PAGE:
Archie Marshek

Archie Marshek (February 15, 1902  March 29, 1992) was an American film editor whose 44-year career spanned six decades.


Born in Cass Lake, Minnesota, in 1902, Marshek started his career at Joseph P. Kennedy's Film Booking Offices of America (FBO) in 1927. When Kennedy formed R.K.O. in 1929 by merging F.B.O. with the Keith-Albee-Orpheum vaudeville theater circuit and striking a deal with David Sarnoff of Radio Corporation of America in order to access his sound technology patents, Marshek moved to the new studio.[1] He was a staff editor at R.K.O. - Radio Pictures from 1929 to 1936 and at Paramount Pictures from 1937 to 1967.

Marshek was the first editor to cut a three-strip, live-action Technicolor film, the 1934 short La Cucaracha. He also was the first to cut a full-length, three-strip Technicolor feature film, Becky Sharp (1935). He worked with directors King Vidor, Gregory La Cava, Lewis Milestone, Rouben Mamoulian, Frank Tuttle, Jack Smight and the actors Anthony Quinn and Marlon Brando when they made their feature-film directing debuts. He cut films featuring the top stars at Paramount, including Bing Crosby, Bob Hope, Dean Martin and Jerry Lewis, and Elvis Presley.[1]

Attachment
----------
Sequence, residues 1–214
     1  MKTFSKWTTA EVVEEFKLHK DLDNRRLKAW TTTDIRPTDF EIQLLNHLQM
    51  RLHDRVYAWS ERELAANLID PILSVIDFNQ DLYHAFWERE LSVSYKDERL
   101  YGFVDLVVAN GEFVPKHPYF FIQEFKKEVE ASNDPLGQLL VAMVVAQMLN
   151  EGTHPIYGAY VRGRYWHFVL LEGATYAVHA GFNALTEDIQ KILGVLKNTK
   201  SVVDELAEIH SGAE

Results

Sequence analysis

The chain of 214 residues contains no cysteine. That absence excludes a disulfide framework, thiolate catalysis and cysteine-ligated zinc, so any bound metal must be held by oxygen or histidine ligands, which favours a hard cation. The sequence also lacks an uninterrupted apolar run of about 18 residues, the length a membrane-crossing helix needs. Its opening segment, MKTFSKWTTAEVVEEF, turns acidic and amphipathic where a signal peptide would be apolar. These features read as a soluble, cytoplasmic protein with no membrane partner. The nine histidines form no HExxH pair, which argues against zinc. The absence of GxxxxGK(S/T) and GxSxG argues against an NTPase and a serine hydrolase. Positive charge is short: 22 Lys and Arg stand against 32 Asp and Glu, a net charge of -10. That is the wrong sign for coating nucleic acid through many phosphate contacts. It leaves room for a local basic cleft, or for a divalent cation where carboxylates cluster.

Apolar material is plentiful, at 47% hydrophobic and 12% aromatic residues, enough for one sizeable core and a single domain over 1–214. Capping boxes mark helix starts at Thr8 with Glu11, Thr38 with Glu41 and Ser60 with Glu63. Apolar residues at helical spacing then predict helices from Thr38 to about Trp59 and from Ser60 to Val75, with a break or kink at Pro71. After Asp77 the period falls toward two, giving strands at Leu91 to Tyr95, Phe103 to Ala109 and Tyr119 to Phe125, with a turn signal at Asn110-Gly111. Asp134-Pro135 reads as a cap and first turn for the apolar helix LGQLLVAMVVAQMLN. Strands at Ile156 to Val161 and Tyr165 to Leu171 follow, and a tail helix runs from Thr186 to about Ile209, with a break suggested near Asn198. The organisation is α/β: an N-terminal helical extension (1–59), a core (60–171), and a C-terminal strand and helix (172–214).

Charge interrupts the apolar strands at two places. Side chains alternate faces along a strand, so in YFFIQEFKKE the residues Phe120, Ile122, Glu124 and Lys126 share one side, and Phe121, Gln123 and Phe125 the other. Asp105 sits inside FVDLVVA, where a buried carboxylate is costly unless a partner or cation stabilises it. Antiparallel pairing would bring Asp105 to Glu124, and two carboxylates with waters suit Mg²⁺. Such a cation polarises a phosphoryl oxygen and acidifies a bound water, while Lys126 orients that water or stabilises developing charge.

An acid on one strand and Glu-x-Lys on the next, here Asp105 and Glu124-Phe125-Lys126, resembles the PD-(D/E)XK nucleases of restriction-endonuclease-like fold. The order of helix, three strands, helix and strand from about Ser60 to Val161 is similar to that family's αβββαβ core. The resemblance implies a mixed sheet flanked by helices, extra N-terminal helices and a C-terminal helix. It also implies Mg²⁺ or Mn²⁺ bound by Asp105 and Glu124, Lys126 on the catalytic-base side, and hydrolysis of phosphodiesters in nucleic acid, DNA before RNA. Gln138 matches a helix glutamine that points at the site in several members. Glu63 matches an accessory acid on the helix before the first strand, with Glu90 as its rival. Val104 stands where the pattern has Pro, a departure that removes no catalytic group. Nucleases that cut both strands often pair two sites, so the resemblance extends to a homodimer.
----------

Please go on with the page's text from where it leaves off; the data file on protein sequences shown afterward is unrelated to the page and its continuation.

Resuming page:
Marshek died at the age of 90 in Lawton, Oklahoma.[1]

Selected filmography


  1. "Archie Marshek (1902–1992)". Internet Movie Database. Retrieved 3 February 2014.
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